Iman Shumpert fans thought they’d dodged a bullet when the Denver Nuggets reportedly said “thanks, but no thanks” to New York’s alleged Shump-for-Kenneth Faried trade proposal. But like a mind-numbing Twitter discussion involving Jeremy Lin, rumors of Shumpert’s soon-to-be-traded status just won’t quit.
They should, though. The really, really should
To be clear, I do not hold this view because I am particularly enamored by Shumpert or his game. I do not fear that Iman is going to develop into the player many think he can be in some other uniform. I am not even overly concerned that New York’s Helter Skelter management team will get once again get hosed by some other team’s GM. No, because even if any or all of those dreadful scenarios come to fruition, trading Iman Shumpert now is a bad idea.
1) The timing is terrible. Generally speaking, in-season NBA trades happen in the weeks leading up to the February trading deadline. Right now, teams are busy assessing their rosters and integrating new players, not looking to make rash changes. By mid-January and into early-February, general managers will have a better grasp of their needs and their team’s ceilings. As such, more players will be available.
2) The Knicks’ needs are not yet clear. Various reports suggest that New York wants to upgrade its frontcourt or get point guard help in any Shumpert deal, but they already have a pretty substantial frontcourt upgrade pending the return of Tyson Chandler. At point guard, yes, Raymond Felton has been less-than-stellar thus far. But he’s also hurt — he has been hampered by a lingering hamstring injury – and the Knicks already have three other point guards on the current roster. Maybe, and I am just brainstorming here, before New York gives up one of its only legitimate assets in a trade for, say, Greivis Vazquez, Mike Woodson should take an extended look at Pablo Prigioni, or give Beno Udrih or Toure Murry some run.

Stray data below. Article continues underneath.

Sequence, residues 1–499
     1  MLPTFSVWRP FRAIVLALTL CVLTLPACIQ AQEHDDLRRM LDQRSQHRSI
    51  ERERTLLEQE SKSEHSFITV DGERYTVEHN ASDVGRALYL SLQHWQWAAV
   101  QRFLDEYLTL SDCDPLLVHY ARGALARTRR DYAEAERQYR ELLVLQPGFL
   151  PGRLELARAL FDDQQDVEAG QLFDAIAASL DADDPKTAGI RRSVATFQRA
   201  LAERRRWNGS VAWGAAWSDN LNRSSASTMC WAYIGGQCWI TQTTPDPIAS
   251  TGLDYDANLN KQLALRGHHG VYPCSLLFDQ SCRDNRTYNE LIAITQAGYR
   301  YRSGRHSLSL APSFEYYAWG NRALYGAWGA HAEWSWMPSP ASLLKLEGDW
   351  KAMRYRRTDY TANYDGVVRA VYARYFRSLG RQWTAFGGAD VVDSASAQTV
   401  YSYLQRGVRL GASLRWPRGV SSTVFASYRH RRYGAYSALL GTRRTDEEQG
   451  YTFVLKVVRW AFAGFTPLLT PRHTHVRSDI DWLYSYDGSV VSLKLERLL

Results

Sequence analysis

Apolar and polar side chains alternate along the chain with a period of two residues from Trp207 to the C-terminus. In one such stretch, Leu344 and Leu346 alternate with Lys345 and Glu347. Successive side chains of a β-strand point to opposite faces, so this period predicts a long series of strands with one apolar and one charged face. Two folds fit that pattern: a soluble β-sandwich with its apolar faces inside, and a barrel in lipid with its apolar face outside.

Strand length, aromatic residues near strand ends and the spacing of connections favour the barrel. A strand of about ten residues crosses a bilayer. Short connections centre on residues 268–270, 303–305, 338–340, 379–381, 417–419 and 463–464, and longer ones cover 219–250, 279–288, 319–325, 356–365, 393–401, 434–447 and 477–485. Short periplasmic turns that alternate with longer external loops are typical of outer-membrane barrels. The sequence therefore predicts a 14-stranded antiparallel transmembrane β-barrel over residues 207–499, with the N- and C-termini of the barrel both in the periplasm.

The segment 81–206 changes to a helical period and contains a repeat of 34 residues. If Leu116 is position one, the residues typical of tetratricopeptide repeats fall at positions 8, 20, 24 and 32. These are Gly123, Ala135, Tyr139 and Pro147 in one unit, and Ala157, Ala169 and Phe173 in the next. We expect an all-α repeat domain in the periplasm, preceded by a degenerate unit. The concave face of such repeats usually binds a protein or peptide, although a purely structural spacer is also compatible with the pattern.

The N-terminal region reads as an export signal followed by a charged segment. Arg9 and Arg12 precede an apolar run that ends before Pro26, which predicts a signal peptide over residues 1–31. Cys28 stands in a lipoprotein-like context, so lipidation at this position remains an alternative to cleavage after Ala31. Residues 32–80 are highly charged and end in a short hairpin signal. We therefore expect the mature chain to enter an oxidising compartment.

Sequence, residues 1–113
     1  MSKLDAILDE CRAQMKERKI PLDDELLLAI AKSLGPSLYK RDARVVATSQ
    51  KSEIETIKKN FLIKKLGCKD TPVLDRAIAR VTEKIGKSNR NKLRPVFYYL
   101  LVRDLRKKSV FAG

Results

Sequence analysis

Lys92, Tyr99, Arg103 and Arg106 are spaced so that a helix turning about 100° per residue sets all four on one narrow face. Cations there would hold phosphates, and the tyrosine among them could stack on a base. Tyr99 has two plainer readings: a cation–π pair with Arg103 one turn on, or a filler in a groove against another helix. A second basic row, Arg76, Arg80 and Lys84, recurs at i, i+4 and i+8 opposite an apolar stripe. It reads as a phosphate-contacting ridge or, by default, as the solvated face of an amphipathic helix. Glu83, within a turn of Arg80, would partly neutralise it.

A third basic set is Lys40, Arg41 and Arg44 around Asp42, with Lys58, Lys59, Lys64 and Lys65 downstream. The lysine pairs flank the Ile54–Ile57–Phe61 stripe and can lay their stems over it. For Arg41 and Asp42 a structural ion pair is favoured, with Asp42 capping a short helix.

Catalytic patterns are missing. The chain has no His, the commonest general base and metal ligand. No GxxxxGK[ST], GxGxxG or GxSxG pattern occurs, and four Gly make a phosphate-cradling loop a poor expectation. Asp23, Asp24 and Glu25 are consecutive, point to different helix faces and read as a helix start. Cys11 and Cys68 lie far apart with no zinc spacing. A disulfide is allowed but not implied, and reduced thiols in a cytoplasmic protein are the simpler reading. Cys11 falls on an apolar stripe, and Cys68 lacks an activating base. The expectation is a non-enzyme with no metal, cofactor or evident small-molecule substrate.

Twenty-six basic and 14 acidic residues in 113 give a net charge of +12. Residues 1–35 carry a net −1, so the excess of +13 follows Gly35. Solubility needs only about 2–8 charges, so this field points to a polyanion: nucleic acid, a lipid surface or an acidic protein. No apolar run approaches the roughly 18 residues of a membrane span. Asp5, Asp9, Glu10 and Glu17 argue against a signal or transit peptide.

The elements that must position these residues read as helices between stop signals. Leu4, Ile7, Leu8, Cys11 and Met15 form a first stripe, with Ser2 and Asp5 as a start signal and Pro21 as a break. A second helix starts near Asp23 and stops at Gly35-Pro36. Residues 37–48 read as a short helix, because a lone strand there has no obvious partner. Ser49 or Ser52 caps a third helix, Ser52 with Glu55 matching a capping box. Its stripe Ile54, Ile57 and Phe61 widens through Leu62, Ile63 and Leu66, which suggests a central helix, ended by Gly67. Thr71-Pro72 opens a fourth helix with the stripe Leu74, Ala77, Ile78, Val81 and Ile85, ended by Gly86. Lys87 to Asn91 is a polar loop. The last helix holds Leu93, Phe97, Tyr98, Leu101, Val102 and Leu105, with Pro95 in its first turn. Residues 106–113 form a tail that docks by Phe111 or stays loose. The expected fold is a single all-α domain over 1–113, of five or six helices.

3) The salary cap makes it particularly difficult for the Knicks to upgrade. New York is well over the cap, so any player they bring back in a straight-up deal for Shumpert needs to be making a salary close to the $2.6 million that the Knicks’ third-year guard is on the books for. Not surprisingly, the universe of players making under $3 million who are also capable of helping the Knicks is pretty small. (That’s one reason why the Faried rumors made theoretical sense – as a member of the same draft class, his contract is very similar to Shumpert’s.)
4) There might be an unseen, yet better trading opportunity just over the horizon. Right now, Shumpert is basically the Knicks’ only tradable asset. But that won’t be true next summer when the expiring contracts of Amar’e Stoudemire, Chandler and Andrea Bargnani will be valued differently by other teams. Wouldn’t it make more sense to use Shumpert in a deal with one of those expiring contracts? Wouldn’t Shump plus Bargnani or Chandler’s expiring deal fetch more than Shumpert alone?
Sure, the Knicks can do something drastic after their 3-7 start, and trade a solid young player who just happens to be one of the few capable defenders on the team. That would be easy — it’s the kind of move they always seem to make. But if I were running the show– call me, maybe, Dolan? — I’d let things around the league shake out over the next 60 days or so before risking yet another unforced fracnhise error.